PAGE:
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05 October 2003 @ 06:09 pm
Random Notes - Varying Significance  
Today's definition of the term "luck": Spilling the entire content of your XL-sized coffee mug over your writing desk without one single drop of liquid hitting your keyboard (it's the fourth, btw.; keyboards fear me, I'm their doom *g*)

But back to the bundle of disconnected notes that I came here for...


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cavendish's entry about Re-Unification Day, incorrigible teenage idealism and the importance of hopeful Utopias not only re-awakened my love for the groundbreaking qualities of Star Trek: Classic , it also caused me to wonder about the representation of humanist values in current Sci-Fi/Genre TV.

The most obvious finding: We clearly live in a "Post X-Files" age now. Where Roddenberry's Federation of Planets postulated the benefits of scientific advance, peaceful exploration and tolerance, the Federation officers of Joss Whedon's Firefly have turned human future into a paranoiac's nightmare. And while faith in political bodies or larger collectives as such appears to have been irreversably shattered, the remaining fragments have been rearrangend to form something else. Something that in the end might easily prove to be the more powerful optimist vision: humanism displayed not under ideal circumstances but in the face of terror and, also, the firm belief in the individual's capability to change.

So, here is my reply to anybody accusing shows like Farscape, Babylon 5, DS9 or the later seasons of Buffy of too much bleakness: don't look at the amount of despair and gloom. Look into the hearts of the characters. And you will find hope for mankind. More than enough.

***

I finally saw the season premiere of Angel. After last years' fantasy-heavy and apocalypse-loaden story arcs, the episode itself felt rather refreshing and ironically also much closer to the earlier, more reality-based plolines of seasons 1 and 2 than anything that has happened to Angel and crew after Pylea. Go A-Team. Go!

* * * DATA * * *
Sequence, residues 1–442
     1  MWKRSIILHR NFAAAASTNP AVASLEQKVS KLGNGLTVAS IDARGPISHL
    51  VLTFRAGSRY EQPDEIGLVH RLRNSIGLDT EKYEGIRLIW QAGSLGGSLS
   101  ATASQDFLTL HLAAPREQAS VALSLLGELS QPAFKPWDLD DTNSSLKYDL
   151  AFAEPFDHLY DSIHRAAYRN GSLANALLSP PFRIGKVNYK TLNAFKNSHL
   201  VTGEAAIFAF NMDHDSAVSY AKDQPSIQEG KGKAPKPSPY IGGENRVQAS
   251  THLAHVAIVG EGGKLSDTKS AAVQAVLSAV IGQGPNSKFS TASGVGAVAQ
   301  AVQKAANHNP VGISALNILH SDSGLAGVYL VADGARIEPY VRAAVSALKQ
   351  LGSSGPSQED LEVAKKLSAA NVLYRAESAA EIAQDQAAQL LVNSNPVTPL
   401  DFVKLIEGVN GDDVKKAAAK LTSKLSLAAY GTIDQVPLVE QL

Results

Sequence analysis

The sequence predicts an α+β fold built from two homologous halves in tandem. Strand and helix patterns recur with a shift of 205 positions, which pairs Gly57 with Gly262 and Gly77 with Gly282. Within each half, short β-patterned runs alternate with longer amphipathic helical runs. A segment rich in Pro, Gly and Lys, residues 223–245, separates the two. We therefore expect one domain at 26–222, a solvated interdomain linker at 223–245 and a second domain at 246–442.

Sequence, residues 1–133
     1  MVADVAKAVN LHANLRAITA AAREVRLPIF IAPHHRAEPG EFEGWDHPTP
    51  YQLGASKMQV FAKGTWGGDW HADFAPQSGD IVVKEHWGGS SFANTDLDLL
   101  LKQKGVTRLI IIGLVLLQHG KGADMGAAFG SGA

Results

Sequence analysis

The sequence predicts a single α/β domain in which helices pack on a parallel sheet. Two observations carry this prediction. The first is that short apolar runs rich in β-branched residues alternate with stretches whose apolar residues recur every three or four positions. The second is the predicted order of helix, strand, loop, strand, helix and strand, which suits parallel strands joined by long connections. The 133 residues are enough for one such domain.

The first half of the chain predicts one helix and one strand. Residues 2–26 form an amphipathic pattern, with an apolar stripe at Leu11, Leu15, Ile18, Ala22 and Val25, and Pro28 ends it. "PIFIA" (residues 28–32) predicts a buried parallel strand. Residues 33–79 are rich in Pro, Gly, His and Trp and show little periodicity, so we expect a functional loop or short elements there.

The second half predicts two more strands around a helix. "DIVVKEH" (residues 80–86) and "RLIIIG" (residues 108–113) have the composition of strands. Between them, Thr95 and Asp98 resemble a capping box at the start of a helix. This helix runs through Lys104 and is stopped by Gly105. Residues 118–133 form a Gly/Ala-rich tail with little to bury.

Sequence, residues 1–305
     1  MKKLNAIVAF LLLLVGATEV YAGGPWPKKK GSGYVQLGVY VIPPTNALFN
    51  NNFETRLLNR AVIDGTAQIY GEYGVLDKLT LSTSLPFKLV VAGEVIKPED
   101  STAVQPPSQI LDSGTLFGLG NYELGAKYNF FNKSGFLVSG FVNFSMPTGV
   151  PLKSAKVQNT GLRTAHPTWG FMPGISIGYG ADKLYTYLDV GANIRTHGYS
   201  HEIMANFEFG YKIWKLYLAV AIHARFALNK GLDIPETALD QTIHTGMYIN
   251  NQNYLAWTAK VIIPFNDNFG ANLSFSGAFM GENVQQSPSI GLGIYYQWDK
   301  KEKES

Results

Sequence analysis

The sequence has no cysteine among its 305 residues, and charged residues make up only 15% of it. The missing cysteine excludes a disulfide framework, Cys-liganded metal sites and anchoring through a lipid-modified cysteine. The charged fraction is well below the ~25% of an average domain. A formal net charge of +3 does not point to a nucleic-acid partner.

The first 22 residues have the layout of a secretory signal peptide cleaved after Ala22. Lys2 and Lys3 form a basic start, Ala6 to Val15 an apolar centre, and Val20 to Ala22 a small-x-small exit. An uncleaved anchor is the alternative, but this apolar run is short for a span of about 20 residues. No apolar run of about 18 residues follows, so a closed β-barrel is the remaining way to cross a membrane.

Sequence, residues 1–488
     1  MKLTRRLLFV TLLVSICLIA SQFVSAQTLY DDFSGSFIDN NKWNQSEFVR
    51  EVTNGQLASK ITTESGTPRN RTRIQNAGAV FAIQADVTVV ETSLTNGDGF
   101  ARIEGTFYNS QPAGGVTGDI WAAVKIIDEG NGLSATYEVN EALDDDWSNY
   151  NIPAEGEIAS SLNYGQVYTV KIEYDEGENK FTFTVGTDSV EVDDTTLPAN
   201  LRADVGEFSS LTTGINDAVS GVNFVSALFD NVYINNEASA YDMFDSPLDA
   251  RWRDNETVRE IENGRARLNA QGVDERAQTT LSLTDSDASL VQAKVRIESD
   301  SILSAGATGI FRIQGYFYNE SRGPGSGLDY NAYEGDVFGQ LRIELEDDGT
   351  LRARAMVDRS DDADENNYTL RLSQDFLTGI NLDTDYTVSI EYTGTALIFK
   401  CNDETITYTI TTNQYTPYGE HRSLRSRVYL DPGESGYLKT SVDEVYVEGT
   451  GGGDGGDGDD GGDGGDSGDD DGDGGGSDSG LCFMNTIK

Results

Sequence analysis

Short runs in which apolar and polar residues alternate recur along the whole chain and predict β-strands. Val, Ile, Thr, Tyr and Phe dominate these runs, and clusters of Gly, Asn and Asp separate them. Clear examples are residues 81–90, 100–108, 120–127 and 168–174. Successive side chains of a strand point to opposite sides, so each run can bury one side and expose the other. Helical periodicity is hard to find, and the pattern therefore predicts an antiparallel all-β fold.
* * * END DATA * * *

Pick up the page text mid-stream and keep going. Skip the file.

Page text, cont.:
***

Some TV shows are like your favourite sweater. Though worn-out, baggy and bleached, you will unconditionally love them till the very end. I missed you, ER. Great to have you back!
 
 
Current Mood: bouncybouncy
Current Music: Rolling Stones, Paint It Black
 
 
 
Cavendishcavendish on October 5th, 2003 10:18 am (UTC)
Random reply ;-)
Hi there!

First reaction: Oh no, not again ...
Second thought: Thank God, the keyboard survived ;-))
...

Thanks for the discussion on my entry, I appreciate it very much.
I did not really want to _accuse_ shows like Farscape, Babylon 5 or Buffy; especially not since I love most of them. (Well, actually, I hate to admit it, all of them to various degrees ;-) )I wanted to offer a point of discussion, which I seem to have managed. ;-). I agree with you as far as the shows mentioned above are concerned. I just looked at it from a different angle, I guess. (&I fear you are beginning to loose your general pessimist view of the world ;-)) beware)

Nevertheless, I do sincerely hope that this century will not enter the History Books as the post X-Files age ...

I too liked the season premier of Angel quite a lot - lets hope the show continues this way

& finally congratulations on you new icon. I wonder if this also goes for (fan-) critics and TV shows_ "Beware of the diagnostic droids" ;-)

F.
Selenaselenak on October 5th, 2003 12:44 pm (UTC)
Humanist values
I think DS9 pulled off a splendid compromise between post-X-Files paranoia and darkness and classic Trek optimism in regards to the human spirit. When Bashir, in the seventh season, is faced with a relentless "the end justifies the means" dogma from Federation officials (in the episode with the Latin title meaning "in times of war, law is silent"), and says "No", does not go along with it, we know he doesn't do this out of untried naive optimism. At this point, he's seen it all. His humanism consists of ethics tried and proven. And that is hope.
Hmpfhmpf on October 12th, 2003 04:40 pm (UTC)
And that is the only place that matters, anyway.
>So, here is my reply to anybody accusing shows like Farscape, Babylon 5, DS9 or the later seasons of Buffy of too much bleakness: don't look at the amount of despair and gloom. Look into the hearts of the characters. And you will find hope for mankind. More than enough.

Political utopias are often deceptive. ;-)